- 26.5m people estimated to be affected
An analysis done recently by the Nigerian federal government and its partners has noted that food insecurity may affect about 26.5 million people in 26 states, including the Federal Capital Territory (FCT) between June and August 2024.
The Cadre Hamonise (CH) analysis was conducted with the Food and Agriculture of the United Nations (FAO), Action Against Hunger, FEWS Net, and other partners.
Nigeria, with a population estimated at about 220 million has the highest gross domestic product (GDP) in Africa at a 2022 estimate of $477.4 billion, but is in the vulnerable African continent exposed by the Russia-Ukraine war as incapable of feeding itself. It spends billions of dollars importing foods despite having arable land to cultivate and produce foods for its people.
According to this recent report, about 18.6 million people, including internally displaced persons (IDPs) in Borno, Sokoto, Zamfara, and other states, including the FCT, are expected to be in crisis from now until next month. This is due to conflicts and insecurity that have disrupted livelihoods and increased displacement. In particular, the protracted insecurity and activities of non-state armed groups, banditry, and kidnappings in the northeast have exacerbated the crisis, the report indicated.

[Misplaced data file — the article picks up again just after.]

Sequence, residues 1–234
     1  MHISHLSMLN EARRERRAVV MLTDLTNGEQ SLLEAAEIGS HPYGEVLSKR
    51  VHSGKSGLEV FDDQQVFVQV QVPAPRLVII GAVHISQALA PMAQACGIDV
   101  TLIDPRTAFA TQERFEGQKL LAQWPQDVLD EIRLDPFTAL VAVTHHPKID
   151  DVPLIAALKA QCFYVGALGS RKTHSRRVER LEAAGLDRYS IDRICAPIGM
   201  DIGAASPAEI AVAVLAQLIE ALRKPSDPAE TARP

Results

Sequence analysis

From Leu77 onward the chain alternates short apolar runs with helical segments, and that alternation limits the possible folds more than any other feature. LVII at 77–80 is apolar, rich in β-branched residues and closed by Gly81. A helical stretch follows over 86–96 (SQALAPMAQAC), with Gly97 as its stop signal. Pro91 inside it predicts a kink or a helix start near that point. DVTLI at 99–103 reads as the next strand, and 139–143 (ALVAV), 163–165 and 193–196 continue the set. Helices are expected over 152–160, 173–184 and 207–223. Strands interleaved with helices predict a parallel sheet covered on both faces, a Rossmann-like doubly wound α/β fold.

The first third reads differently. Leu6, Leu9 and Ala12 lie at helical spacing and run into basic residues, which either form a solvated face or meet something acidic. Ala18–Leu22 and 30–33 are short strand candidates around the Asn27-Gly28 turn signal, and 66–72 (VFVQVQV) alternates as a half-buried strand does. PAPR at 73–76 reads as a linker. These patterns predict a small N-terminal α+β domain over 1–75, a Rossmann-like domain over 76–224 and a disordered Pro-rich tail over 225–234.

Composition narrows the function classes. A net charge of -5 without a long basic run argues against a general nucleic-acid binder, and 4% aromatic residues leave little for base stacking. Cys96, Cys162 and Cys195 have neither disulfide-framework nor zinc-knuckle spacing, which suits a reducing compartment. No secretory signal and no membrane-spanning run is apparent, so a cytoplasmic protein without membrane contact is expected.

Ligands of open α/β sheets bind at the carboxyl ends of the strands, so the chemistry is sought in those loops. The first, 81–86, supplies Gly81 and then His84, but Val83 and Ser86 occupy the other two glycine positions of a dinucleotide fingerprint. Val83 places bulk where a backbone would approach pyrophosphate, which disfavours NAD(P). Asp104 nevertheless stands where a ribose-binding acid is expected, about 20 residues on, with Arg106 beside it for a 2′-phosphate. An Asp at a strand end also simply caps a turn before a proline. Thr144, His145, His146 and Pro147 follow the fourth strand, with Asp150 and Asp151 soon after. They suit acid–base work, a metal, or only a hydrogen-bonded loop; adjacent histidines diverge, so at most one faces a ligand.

In addition to the factors previously mentioned, the report also cited the removal of fuel subsidy, the redesign of the naira, and the impact of floods on crop production as key drivers of the crisis.
Dominique Kouacou, FAO country representative, presented the analysis and noted that it was conducted in 26 states and the FCT to understand the current food security situation and make projections for the future.
Kouacou noted that the current food insecurity cycle follows an unusual lean season, during which Nigeria experienced a range of shocks, including persistent insecurity such as insurgency and banditry, conflicts over natural resources, high food and agricultural input costs due to high inflation, and severe dry spells in some states after the start of the rainy season.
According to Ernest Umakhihe, the permanent secretary of the Ministry of Agriculture and Food Security, recurring environmental and human factors such as climate change, insecurity-related displacements, and seasonal flooding have all contributed to the current situation.
Umakhihe, who was represented by Fausat Lawal, director, special duties, noted that disruptions in food consumption patterns and the increased use of irreversible coping strategies among a significant portion of the Nigerian population are major implications of the current situation.
The permanent secretary said the findings of the CH analysis are being released at a time when governments at all levels are taking unprecedented measures to boost the economy.